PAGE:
So now I know. These two terms do not mean the same thing. Tags: ,,

Tuesday, April 15, 2008

Tips for starting a team blog

Michele Martin asked Manish Mohan of eCube to describe his experience in starting a team blog. The tips are certainly some to keep in mind as some groups within my organization are beginning to consider team blogging.

Summary of his tips are:

  • Identify the objectives and goals of the blog. 
    • What problem you are trying to solve and for whom?
    • Who will be the content creators and who will be readers?
    • What content is important for them?
  • Blog for the audience. "The audience is the most important part of your team blog."
  • Identify specific people who will contribute to the team blog.
  • Suggest a list of topics to the authors to give them ideas to blog.
  • Write a few posts to give authors examples to start their own contributions.
  • Encourage authors to start by commenting on posts if they are not comfortable writing their own posts.
  • Encourage authors to blog about their experiences.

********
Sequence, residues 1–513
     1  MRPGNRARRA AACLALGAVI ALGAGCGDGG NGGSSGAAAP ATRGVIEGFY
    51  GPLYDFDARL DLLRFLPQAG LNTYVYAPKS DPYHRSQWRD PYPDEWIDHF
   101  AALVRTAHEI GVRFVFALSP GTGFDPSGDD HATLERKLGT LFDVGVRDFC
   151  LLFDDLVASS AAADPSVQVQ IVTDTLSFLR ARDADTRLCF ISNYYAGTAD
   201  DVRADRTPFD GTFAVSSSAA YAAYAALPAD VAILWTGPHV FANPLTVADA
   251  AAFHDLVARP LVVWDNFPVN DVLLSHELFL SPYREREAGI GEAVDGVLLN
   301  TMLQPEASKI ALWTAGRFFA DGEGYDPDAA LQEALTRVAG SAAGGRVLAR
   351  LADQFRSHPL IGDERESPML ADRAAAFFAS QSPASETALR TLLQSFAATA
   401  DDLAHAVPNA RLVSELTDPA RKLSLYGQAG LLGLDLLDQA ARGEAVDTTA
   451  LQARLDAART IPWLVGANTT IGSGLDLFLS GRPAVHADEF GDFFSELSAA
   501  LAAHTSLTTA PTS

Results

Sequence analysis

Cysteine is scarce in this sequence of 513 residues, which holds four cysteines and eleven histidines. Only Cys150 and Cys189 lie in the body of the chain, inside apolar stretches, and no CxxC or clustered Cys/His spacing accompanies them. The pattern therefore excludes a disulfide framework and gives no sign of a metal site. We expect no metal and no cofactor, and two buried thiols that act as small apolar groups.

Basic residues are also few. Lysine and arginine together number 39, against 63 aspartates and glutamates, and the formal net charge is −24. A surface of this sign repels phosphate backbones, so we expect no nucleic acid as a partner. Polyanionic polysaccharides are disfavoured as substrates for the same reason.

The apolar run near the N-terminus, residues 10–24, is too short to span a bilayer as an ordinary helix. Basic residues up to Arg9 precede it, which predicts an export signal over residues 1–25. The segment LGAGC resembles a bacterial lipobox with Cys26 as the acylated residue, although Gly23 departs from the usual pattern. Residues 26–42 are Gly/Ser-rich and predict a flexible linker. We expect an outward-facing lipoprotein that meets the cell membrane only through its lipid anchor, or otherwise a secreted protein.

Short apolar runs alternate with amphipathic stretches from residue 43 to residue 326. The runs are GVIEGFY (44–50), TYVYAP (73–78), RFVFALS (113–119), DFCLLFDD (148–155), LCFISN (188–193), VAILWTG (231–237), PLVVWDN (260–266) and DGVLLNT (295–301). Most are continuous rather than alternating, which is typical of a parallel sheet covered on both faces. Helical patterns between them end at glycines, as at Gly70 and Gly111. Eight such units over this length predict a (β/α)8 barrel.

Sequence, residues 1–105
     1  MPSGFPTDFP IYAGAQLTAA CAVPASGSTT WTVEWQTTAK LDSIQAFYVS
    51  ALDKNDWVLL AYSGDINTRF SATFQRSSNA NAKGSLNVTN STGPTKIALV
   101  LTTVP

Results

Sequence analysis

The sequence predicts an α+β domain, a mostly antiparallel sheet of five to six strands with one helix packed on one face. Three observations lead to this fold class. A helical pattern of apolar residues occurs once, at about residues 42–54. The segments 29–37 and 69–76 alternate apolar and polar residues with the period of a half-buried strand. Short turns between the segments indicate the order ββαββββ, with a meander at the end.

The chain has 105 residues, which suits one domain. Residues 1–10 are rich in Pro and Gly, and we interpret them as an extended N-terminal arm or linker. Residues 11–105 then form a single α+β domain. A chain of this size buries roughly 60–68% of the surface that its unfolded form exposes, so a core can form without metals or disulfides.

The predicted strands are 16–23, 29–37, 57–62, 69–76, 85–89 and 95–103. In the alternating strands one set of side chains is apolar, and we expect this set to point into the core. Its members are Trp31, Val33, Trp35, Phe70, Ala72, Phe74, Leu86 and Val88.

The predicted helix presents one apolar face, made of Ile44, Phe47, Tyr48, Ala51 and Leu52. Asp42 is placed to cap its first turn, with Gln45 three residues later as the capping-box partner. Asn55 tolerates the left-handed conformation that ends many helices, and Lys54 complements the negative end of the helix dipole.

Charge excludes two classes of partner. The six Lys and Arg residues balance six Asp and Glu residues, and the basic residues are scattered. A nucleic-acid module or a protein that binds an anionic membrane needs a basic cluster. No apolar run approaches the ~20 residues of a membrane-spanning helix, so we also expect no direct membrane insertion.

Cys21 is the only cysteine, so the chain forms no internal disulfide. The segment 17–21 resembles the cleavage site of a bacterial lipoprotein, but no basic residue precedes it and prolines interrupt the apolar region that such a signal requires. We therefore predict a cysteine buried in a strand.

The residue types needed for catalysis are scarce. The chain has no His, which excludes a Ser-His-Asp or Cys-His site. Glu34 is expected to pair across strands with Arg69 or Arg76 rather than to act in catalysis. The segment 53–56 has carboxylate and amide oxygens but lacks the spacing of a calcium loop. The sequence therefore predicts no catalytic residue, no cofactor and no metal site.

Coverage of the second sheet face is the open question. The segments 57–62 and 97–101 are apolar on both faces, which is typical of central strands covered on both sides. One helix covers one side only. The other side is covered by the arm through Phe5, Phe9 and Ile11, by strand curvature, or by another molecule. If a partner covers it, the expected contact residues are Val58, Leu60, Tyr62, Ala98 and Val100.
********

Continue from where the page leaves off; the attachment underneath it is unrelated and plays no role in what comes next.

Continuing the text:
• Give some thought about widgets, like feeds and blog rolls, to include on the blog page.
  • Use labels or tags for the content on the blog.
  • Promote the team blog by sending personal email updates and information on the blog.
  • Use other pages to link to the blog (like Facebook, Flickr, etc.).

Read the entire post for more explanations.

Thanks to Manish and Michele for sharing. I hope Manish continues this conversation as the authors of eCube continue to blog.

By the way, eCube stands for encourage, engage, and explore as these verbs pertain to learning. Tags: ,,,

Sunday, April 6, 2008

My most important tools

About a week ago, I accidentally clicked on a link that installed spyware on my lightweight Sony Vaio. Although I knew almost immediately what was happening I could not disable the processes. It locked me out of the task manager.